Thanks for your advice Jill - sounds like I've got an expert on my hands! wink.gif

Too bad about the pansies. Petunias look pretty too but for them it says to "Beware of afternoon sun, however. This low growing annual won't put up with riding off into the sunset."

That said, here's what I'm thinking so far. Let me know what you think...

~ Zinnias
Click the image to open in full size.
The common zinnia, a favorite old-time annual flower, has now been joined by the narrow-leaf zinnia in the Texas garden. Both have the traditional round bushy head and attract butterflies like crazy. But the narrow-leaf far surpasses the common in terms of low maintenance, having none of the mildew problems of the common. However, the smaller narrow-leaf --- in only orange, white or yellow --- can't beat the colors available in the good old common zinnia. Keep seeds of both to try again next spring.


Periwinkle, Vinca
Click the image to open in full size.
Madagascar periwinkle is a warm season annual in Texas that will often reseed itself prolifically. They are quite drought tolerant and enjoy the heat as well as humidity. The blooms resemble a phlox with white, pink or purple or one of those colors with a center of the other. They cover the 2' plant throughout the spring until fall. The drawback of this favorite in recent years has been a tendency to develop wilt disease when planted to early in a wet spring. If this happens, it is likely that you will not be able to successfully grow periwinkles again in that soil, except those that have reseeded themselves.

Daisy
Click the image to open in full size.
Our native Blackfoot daisy (Melampodium) begins blooming in late spring and goes until frost. It is much smaller (6-12") than what we traditionally think of as a daisy--- the shasta daisy --- which is in the chrysanthemum family. Shasta daisies hate heat and humidity though, so not a good idea for much of Texas.

Share this post


Link to post
Share on other sites

Vinca is great. Also, you might look at geraniums - they are really hearty and bloom all summer. The climbing variety looks pretty dangling down the side of a planter box, too.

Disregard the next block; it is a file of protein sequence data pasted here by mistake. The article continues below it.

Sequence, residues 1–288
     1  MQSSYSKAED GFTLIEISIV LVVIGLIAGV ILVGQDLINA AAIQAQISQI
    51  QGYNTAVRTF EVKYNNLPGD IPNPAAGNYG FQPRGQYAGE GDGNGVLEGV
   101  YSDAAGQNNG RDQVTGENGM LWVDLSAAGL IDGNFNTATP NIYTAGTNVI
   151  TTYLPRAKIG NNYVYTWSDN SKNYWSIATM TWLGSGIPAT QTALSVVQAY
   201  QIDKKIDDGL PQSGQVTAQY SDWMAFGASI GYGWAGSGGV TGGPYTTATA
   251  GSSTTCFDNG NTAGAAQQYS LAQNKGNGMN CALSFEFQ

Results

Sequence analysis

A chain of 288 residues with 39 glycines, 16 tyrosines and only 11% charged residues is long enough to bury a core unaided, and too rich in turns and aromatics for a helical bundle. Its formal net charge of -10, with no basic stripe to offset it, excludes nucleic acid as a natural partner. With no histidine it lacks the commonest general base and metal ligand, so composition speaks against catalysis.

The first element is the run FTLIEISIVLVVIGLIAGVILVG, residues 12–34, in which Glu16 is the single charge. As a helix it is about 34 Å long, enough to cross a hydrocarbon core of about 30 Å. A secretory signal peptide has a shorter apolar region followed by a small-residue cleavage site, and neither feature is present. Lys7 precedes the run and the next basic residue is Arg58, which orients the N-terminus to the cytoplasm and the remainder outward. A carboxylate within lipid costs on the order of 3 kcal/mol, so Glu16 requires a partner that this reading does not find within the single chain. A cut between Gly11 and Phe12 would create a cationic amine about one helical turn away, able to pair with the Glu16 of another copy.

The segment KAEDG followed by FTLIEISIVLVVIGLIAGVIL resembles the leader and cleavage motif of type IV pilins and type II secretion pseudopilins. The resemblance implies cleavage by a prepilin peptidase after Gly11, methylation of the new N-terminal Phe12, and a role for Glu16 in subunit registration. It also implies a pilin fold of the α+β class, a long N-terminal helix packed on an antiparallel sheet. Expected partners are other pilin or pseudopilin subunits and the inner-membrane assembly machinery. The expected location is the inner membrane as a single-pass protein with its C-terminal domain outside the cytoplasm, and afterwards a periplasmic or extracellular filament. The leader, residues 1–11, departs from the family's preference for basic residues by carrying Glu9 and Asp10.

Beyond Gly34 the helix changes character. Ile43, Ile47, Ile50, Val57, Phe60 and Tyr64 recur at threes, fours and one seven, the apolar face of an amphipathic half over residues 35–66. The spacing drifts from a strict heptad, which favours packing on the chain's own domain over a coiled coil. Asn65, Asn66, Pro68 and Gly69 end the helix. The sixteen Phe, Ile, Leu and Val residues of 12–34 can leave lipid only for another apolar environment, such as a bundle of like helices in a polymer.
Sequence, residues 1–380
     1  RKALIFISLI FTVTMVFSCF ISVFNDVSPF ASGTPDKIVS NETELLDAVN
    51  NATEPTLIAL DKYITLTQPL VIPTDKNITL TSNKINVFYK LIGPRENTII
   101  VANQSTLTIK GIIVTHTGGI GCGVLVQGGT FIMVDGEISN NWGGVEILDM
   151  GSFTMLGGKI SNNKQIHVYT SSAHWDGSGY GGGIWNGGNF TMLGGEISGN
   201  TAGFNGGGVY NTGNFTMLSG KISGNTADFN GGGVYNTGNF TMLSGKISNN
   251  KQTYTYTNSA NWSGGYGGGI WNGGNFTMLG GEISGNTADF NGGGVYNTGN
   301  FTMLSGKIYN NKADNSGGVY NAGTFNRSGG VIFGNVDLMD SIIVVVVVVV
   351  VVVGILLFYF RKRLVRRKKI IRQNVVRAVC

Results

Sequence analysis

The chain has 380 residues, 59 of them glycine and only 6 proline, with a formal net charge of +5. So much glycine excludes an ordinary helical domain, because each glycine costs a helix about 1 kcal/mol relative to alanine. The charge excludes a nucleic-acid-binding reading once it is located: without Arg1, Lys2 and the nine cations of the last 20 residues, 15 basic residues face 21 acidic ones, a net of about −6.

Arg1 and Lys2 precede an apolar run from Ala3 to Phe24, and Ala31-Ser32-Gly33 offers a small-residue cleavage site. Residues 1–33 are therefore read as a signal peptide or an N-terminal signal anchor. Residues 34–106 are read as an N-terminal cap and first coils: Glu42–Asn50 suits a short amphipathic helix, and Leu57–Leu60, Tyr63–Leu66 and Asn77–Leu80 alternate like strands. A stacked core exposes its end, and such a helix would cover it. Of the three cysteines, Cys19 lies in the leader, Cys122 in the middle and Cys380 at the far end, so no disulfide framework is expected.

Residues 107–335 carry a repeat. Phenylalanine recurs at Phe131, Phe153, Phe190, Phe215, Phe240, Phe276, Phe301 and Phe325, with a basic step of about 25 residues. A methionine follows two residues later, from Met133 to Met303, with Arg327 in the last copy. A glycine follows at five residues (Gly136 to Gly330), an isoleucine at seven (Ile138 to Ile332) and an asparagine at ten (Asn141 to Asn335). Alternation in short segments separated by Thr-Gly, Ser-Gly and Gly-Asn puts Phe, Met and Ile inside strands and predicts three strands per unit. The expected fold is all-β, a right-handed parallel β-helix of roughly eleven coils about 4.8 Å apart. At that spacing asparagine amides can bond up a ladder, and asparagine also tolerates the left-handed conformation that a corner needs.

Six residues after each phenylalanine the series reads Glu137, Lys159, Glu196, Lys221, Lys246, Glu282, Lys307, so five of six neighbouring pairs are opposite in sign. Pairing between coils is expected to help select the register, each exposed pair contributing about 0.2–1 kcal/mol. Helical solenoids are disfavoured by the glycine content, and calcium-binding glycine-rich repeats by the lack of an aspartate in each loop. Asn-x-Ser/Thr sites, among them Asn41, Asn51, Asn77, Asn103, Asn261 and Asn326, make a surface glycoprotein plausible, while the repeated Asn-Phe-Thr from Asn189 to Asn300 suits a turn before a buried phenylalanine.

I also love bouganvilla - I had them when I was in LA - they are great in the sun and are in color most of the season, because it's actually the leaves that change to pink, purple or whatever. The flower is a teeny tiny little white thing in the middle.

Share this post


Link to post
Share on other sites
Quote:
Originally Posted by becks View Post
Vinca is great. Also, you might look at geraniums - they are really hearty and bloom all summer. The climbing variety looks pretty dangling down the side of a planter box, too.

I also love bouganvilla - I had them when I was in LA - they are great in the sun and are in color most of the season, because it's actually the leaves that change to pink, purple or whatever. The flower is a teeny tiny little white thing in the middle.
Geraniums, good idea! I wonder why they weren't on the list... huh.gif

Here's what I found about Geraniums:
Lush growing geraniums look good in a bed all by themselves, or mixed in with other annuals. They also make attractive edging plants for the flower garden.

In fact, these versatile plants are perfect for any spot that calls for a splash of vibrant color through-out the season.

And, of course, they're always popular mainstays in containers, hanging baskets and window boxes, as they thrive in pots and mix beautifully with annuals such as lobelia, vinca vine, petunias and verbena.

Light: Most types flower best in full sun, which means at least six hours of direct sun a day. If you live in a hot region with regular summer temperature over 90 degrees F (32 degrees C), plant your geraniums in a partly shaded spot. Many geraniums do quite well in part shade, but they won't flower as prolifically.

Share this post


Link to post
Share on other sites

Impatiens and Marigolds are also great for hot weather and do come back after droughts.

 

You might also want to plant some PennyRoyal. Its a green, ground cover type plant that wards off Mosquitos!

Share this post


Link to post
Share on other sites
Quote:
Originally Posted by JamaicaBride062108 View Post
Impatiens and Marigolds are also great for hot weather and do come back after droughts.

You might also want to plant some PennyRoyal. Its a green, ground cover type plant that wards off Mosquitos!

Marigolds look like they might work but it says that Impatiens need shade, which they won't be getting on our uncovered Texas roof deck! wink.gif

Share this post


Link to post
Share on other sites

Create an account or sign in to comment

You need to be a member in order to leave a comment

Create an account

Sign up for a new account in our community. It's easy!

Register a new account

Sign in

Already have an account? Sign in here.

Sign In Now
Sign in to follow this  

×